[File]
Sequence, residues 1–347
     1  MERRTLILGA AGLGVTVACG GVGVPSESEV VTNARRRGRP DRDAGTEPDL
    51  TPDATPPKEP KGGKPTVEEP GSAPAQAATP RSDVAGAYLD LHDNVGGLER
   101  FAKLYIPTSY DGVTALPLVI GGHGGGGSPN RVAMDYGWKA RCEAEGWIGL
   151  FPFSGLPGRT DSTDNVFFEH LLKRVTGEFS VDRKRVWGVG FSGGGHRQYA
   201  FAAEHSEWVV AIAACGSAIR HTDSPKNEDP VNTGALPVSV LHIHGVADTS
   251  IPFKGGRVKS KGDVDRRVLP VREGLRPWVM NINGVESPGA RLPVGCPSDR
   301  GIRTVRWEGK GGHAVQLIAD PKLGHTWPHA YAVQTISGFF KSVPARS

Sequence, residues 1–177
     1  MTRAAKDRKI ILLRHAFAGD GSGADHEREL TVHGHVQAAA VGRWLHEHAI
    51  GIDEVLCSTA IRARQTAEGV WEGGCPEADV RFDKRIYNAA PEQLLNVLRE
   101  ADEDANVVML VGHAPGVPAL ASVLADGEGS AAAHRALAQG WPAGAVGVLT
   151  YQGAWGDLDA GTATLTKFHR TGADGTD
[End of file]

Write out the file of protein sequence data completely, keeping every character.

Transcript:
Sequence, residues 1–347
     1  MERRTLILGA AGLGVTVACG GVGVPSESEV VTNARRRGRP DRDAGTEPDL
    51  TPDATPPKEP KGGKPTVEEP GSAPAQAATP RSDVAGAYLD LHDNVGGLER
   101  FAKLYIPTSY DGVTALPLVI GGHGGGGSPN RVAMDYGWKA RCEAEGWIGL
   151  FPFSGLPGRT DSTDNVFFEH LLKRVTGEFS VDRKRVWGVG FSGGGHRQYA
   201  FAAEHSEWVV AIAACGSAIR HTDSPKNEDP VNTGALPVSV LHIHGVADTS
   251  IPFKGGRVKS KGDVDRRVLP VREGLRPWVM NINGVESPGA RLPVGCPSDR
   301  GIRTVRWEGK GGHAVQLIAD PKLGHTWPHA YAVQTISGFF KSVPARS

Sequence, residues 1–177
     1  MTRAAKDRKI ILLRHAFAGD GSGADHEREL TVHGHVQAAA VGRWLHEHAI
    51  GIDEVLCSTA IRARQTAEGV WEGGCPEADV RFDKRIYNAA PEQLLNVLRE
   101  ADEDANVVML VGHAPGVPAL ASVLADGEGS AAAHRALAQG WPAGAVGVLT
   151  YQGAWGDLDA GTATLTKFHR TGADGTD